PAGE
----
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Analyze a Site Using YSlow

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In this session, we discuss how you can speed up your website by analyzing it using the Firefox Addon YSlow and what information you can get using this tool.

Video Transcript

Good morning.

Rick: Good morning. How are you doing?

I’m doing great. And you?

Rick: I’m doing terrific.

Wonderful.

Rick: Okay. So you want to speed up earlebaum.org. You’re concern that it’s too slow.

Yes it is.

Rick: I think the time that you tested this to say that it took you 26 minutes. I think that must have been something odd because it doesn’t take anywhere near that for me.

Oh, I see. Even this morning it took about 20 seconds.

Rick: Oh seconds?

Yes. Not minutes, seconds.

Rick: I’m sorry. You typed minutes in here.

Oh, I’m sorry. That’s real bad.

Rick: Okay. I’m just going to say. Okay so the tool that I use is yslow.

How do you spell that?

Rick: y-s-l-o-w. It’s a FireFox add-on and you install it just like you would install any other FireFox add-on, like firebug or webdeveloper or whatever. Once you install it, you can run yslow on any site. First thing you want to do is to test it based on a small site or blog. You don’t want to use the same test rules as you might use if you were (1:36) or target or yahoo, right? Because you don’t have the same kinds of resources, you do have a “Small site or Blog”, you’re going to use that kind of a test.

Running a Test to Check Site Performance

Once you’ve done that, you can run the test and see what your grade is. Now, this thing gives you a pretty good grade. Gives you a better grade than I have. Overall performance, score of 87. Your worst failures are first, you have 20 external Javascripts that you are referencing and you have 13 external stylesheets that you’re referencing.

You have another problem with “Put CSS at top”. For some reason or another, something that you have is calling for font colors. Something that you have is calling for a CSS in the middle of the document. I wonder what would cause that. So we’re going to “View Page Source” here for a second. Let’s see if we can find slider.css and look at that. You have inside of the body of your site something called “ebc-search”. You are calling a whole bunch of script. You shouldn’t be calling “jquery.min.js” because it’s already being loaded. I’m guessing you had some custom programming done.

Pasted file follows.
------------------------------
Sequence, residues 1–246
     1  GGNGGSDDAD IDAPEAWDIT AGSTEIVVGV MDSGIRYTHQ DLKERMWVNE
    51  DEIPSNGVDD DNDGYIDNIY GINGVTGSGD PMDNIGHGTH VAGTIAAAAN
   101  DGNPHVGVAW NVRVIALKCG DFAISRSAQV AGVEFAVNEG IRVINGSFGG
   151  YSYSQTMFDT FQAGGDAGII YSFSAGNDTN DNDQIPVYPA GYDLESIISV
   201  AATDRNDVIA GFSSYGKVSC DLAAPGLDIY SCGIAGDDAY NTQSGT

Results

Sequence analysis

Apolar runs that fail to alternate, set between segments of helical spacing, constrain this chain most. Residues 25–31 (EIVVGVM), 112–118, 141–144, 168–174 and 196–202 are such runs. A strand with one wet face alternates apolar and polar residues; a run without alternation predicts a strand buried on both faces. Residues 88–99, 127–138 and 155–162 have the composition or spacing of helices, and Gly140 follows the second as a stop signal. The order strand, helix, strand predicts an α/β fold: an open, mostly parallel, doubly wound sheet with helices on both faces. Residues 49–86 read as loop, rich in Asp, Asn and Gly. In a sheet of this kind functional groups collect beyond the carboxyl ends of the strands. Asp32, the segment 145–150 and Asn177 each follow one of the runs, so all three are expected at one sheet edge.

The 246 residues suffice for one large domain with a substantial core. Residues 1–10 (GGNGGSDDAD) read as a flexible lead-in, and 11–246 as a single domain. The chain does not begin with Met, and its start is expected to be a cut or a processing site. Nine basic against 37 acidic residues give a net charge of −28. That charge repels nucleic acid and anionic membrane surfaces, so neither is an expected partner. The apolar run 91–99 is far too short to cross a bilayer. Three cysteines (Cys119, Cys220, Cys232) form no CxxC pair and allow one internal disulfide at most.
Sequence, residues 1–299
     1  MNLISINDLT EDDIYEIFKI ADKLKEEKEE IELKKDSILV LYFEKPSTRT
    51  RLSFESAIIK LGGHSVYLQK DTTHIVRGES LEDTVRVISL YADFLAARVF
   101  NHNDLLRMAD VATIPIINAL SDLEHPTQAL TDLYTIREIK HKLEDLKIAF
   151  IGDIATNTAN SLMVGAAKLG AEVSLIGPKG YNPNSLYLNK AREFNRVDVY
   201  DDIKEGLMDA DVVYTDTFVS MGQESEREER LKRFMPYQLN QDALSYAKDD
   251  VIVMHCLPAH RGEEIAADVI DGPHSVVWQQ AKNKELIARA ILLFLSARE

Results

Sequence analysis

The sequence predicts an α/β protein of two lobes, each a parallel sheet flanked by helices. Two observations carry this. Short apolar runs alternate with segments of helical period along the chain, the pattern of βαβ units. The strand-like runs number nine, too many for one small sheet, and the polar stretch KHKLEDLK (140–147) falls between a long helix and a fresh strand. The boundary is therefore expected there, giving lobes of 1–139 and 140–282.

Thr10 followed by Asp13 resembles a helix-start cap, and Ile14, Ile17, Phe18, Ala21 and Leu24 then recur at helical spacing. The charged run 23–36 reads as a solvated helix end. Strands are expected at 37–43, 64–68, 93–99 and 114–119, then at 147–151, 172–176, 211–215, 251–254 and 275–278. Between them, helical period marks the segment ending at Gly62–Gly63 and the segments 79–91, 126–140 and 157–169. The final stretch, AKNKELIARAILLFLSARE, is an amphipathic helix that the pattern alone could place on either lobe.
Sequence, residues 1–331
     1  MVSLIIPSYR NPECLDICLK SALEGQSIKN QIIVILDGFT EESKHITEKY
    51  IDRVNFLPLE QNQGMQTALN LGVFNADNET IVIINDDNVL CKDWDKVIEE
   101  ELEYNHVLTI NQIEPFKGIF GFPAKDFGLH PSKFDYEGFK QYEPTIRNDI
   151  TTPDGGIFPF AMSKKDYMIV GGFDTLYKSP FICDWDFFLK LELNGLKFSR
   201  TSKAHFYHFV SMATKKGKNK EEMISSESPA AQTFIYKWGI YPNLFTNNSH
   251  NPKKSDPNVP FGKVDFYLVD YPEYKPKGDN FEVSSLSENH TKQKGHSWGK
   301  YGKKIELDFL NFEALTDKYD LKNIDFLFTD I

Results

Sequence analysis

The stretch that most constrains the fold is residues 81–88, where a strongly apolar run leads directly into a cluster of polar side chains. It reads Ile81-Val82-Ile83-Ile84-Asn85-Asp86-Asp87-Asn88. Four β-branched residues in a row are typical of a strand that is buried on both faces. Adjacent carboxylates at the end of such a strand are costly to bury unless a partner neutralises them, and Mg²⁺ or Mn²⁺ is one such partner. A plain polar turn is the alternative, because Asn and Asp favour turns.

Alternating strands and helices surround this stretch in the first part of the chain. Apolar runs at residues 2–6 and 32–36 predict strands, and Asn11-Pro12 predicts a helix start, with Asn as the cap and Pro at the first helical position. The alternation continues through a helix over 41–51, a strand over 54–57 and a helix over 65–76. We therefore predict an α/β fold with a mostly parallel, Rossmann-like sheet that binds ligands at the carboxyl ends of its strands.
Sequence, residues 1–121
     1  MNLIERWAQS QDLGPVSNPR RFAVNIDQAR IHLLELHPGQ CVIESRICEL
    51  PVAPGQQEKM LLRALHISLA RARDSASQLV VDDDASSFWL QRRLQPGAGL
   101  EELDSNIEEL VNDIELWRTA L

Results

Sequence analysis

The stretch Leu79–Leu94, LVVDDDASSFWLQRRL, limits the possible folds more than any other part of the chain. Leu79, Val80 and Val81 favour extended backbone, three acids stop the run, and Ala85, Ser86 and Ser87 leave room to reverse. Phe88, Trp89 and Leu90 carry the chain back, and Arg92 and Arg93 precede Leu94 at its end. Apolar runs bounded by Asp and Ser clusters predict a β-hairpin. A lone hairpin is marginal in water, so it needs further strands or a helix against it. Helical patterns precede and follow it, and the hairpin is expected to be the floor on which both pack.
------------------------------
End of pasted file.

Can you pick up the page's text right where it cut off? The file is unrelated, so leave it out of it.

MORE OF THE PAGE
Yes, I did.

Rick: Each of these “jquery.ui” things are actually part of WordPress and your developer should have used the WordPress system for accessing them. What is done here is not only has he said, “Well, get the copy that we’ve stored in Thesis 1.8”, which is not the right thing to do but is also called in the middle of the document. Which means it can’t ever be cached, right? No browser can cache this because it doesn’t cache these stuff.

Everything that he did in this area is essentially wrong I’m afraid to say. Even the “$ (document).ready(function()”. If this is just straight JavaScript, it’s fine but because it’s calling “jquery”. If it’s just straight JavaScript and not “jquery”, then using the $ sign is fine. If it’s actually “jquery” code, then it’s wrong because “jquery” needs to be used in the “No Conflict” mode in WordPress. I think this is probably “jquery” given that he’s calling all kinds of “jquery” stuff for it.

The Use of WordPress On Queue Script Function

I would say that you can resolve a lot of the issues here simply by having this piece of code where it worked and done properly so that the script is on queued using the “WordPress On Queue Script Function” and the CSS Files are added using the “WordPress On Queue Stylesheet Function”.

In fact, since CSS is specifically related to your site and since this is Custom code, you would probably be better off taking whatever CSS that you wanted and not even using these stylesheets put inside of Custom CSS because it would remove 3 http requests that would automatically get rid of 3 of these external http requests. You go from 13 down to 10.

Reducing JavaScript Scripts to Speed Up Loading

That block of external Javascript that’s being called could be entirely removed and so you’d be reducing these JavaScript scripts. Not only would you be reducing them but you’d be putting them in a manner that would allow them to be cached by the browser. That would speed up the loading of the site and of course you’ve got this, “Put JavaScript at Bottom”.

I’m really surprised about this “wp-e-commerce” placing its JavaScript in the head when it doesn’t need to. The fact that the plugin is well-established is that it wouldn’t be doing this. Maybe I’m wrong, maybe the “wp-e-commerce” JavaScipt needs to go in the head but most JavaScripts should go at the bottom of the document including “jquery.js”.

This is probably going to come out of fixing that one plugin of yours or whatever is that custom code. Definitely I’m irritated by the way NextGen does this too but they don’t seem to fix that. Some of this stuff is outside of your ability to fix. But “Put JavaScript at Bottom, “Put CSS at Top”, and “Make Fewer HTTP requests” can make a fairly big impact on.

Okay.

Rick: Then you have just the actual load.

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